This U01 grant proposal will utilize a new paradigm for early assessment of new vaccine antigen combinations. It will utilize several state-of-the-art immunological technologies to determine the impact of co-administering the novel Na-GST-1 and Na-APR-1 (M74) hookworm vaccines on the immune response to each antigen in a Phase 1 clinical trial conducted in healthy adults living in a hookworm-endemic area of Brazil.
The aim i s to induce the highest specific neutralizing antibody response to each component of a future co-formulated product, preferably with an IgG1 and IgG3 subclass response with induction of antibodies of high affinity and a significant B-cell memory response. If co-administration does not result in increased safety risk and does not negatively impact the humoral immune response to either of the two antigens, work will proceed to develop a bi-component, coformulated vaccine that will be used in future clinical trials in hookworm-endemic sites. In addition, the proposed clinical trial will serve to optimize the component combinations that will go into the bi-component product early in clinical development, especially the addition of the immunostimulant GLA-AF, thus economizing on time, resources, and the number of subjects required in clinical trials. The result will enable earlier decision-making regarding the optimal components of a new vaccine, in turn accelerating the time to licensure and delivery to the populations in need living in hookworm endemic areas. In most cases, immune responses to vaccines are evaluated by standard technologies such as the indirect enzyme-linked immunosorbent assay (ELISA), virus neutralization, or radiometric antibody-dependent cell-mediated cytotoxicity assay. This is despite the fact that over the last decade several major advances in antibody profiling and B cell techniques have been made in related areas such allergy and atopy, autoimmunity, biotherapeutics, and biodefense. These include the ImmunoCAP method to quantify induced antibody levels, Surface Plasmon Resonance to investigate antibody affinity, and ELISPOT to quantify vaccine-induced specific memory B cells. The objective of this U01 proposal is to apply these advances early in the clinical development of a new vaccine for hookworm, one of the most prevalent and important of the Neglected Tropical Diseases, at a point when they can be used to predict the effect of combining antigens into a single vaccine product before a co-formulated vaccine is developed and tested in larger, more costly Phase 2 and 3 trials.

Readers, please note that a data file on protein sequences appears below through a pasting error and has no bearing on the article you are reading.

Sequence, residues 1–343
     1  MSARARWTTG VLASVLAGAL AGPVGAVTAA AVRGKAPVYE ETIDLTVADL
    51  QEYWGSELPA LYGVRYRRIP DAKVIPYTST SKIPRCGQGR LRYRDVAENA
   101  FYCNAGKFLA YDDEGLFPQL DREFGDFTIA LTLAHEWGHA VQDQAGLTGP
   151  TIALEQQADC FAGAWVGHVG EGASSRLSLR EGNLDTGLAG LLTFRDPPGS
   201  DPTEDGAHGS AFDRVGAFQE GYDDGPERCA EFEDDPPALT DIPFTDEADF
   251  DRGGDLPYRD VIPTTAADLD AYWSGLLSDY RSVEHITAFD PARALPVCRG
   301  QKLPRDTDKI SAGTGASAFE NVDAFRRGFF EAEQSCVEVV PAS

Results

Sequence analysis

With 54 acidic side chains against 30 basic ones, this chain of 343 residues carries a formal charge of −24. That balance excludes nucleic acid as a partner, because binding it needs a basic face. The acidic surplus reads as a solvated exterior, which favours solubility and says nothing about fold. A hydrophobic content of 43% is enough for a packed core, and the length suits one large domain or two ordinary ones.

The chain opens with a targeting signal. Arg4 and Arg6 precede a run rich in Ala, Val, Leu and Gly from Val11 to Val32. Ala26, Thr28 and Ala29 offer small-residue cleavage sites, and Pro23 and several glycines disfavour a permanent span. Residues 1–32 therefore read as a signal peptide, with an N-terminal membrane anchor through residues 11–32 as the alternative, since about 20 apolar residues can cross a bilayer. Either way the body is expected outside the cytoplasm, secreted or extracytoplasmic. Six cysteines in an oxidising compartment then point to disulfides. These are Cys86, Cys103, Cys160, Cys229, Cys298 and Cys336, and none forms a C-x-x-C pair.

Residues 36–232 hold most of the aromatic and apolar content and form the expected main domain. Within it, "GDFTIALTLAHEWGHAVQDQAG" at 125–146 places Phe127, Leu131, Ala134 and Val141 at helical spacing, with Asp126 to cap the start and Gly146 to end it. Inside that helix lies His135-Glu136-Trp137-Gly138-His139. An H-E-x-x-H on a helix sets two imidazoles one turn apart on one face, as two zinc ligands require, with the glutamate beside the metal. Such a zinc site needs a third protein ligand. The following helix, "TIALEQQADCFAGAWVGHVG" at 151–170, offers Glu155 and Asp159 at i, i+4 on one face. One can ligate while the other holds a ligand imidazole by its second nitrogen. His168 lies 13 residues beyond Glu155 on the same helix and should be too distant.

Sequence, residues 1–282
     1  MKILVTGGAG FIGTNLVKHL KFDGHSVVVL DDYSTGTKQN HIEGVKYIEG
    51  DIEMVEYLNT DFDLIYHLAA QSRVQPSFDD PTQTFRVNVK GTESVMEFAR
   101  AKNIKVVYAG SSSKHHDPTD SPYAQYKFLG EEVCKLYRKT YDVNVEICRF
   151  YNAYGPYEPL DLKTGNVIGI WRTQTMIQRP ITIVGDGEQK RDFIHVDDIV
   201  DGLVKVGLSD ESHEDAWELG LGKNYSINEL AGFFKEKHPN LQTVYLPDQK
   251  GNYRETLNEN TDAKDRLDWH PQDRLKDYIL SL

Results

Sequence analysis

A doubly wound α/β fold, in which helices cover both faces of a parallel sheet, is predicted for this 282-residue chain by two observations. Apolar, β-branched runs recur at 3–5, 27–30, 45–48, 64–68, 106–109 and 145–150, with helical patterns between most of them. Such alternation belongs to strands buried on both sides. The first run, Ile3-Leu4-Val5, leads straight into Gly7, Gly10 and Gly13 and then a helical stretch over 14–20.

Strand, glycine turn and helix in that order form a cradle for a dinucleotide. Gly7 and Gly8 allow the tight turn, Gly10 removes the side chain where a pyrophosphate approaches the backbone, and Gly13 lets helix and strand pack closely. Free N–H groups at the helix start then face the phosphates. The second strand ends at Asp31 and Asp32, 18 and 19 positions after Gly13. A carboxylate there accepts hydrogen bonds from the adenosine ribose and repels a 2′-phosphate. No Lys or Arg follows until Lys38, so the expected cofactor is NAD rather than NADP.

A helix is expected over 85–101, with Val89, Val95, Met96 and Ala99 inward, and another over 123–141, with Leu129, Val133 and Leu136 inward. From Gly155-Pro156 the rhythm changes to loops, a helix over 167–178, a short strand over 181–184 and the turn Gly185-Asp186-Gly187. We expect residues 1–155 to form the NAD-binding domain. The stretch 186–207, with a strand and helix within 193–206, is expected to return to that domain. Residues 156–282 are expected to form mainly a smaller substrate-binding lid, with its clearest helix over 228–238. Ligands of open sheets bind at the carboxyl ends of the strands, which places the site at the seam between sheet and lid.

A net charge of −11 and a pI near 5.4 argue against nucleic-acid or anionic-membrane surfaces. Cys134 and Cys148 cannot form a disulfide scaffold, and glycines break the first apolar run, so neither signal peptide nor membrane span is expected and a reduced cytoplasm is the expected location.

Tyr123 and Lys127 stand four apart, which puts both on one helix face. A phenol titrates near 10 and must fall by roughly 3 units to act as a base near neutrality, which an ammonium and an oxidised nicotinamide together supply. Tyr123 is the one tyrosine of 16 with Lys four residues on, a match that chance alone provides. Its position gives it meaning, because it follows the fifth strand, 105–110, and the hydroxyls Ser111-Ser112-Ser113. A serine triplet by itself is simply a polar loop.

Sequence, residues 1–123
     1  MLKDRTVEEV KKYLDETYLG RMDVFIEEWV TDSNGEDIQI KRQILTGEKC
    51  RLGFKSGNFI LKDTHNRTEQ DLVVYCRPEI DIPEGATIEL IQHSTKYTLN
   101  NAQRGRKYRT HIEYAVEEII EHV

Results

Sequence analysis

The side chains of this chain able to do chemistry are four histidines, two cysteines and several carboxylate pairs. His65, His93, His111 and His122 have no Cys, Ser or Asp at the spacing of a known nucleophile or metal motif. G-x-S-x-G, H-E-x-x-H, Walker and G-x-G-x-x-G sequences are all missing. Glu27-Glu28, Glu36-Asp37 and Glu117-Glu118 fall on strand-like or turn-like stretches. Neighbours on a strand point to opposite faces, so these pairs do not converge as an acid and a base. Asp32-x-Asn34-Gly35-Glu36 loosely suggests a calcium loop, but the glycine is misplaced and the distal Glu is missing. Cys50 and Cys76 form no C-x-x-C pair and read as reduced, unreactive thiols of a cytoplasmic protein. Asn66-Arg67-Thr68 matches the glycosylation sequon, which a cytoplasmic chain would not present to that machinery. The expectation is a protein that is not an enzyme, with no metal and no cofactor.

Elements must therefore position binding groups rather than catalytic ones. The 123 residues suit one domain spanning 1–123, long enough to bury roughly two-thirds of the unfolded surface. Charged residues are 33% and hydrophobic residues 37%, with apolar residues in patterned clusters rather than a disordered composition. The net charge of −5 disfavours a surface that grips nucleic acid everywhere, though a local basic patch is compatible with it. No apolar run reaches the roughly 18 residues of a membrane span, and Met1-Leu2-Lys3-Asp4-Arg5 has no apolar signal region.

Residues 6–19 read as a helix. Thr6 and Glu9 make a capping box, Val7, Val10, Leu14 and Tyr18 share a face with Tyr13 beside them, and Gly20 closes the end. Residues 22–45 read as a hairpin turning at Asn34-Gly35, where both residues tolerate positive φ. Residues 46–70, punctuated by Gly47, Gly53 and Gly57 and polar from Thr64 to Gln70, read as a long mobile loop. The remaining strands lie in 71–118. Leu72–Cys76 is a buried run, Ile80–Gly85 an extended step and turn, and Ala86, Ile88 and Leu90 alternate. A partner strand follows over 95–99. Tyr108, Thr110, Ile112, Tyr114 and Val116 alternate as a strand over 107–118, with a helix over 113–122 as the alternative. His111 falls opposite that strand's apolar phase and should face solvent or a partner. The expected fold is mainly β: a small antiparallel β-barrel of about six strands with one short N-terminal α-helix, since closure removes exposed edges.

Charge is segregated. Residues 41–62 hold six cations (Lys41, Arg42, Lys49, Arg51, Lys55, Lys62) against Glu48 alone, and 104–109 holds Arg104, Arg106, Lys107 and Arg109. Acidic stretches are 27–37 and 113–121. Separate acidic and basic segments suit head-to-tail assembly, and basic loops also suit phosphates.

We will conduct a Phase 1 clinical trial in Brazilian adults to assess the safety and immunogenicity of two experimental hookworm vaccines, Na-GST-1/Alhydrogel(r) and Na-APR- 1/Alhydrogel(r), when they are co-administered. We will utilize cutting-edge antibody and humoral immunity techniques to profile the immune response to the two antigens to evaluate if co-administration negatively impacts on the immune responses to either antigen. This will enable earlier decision-making on optimal vaccine formulation during clinical development, particularly in advance of co-formulating antigens into a single product, thereby saving time, expense, and human research subjects.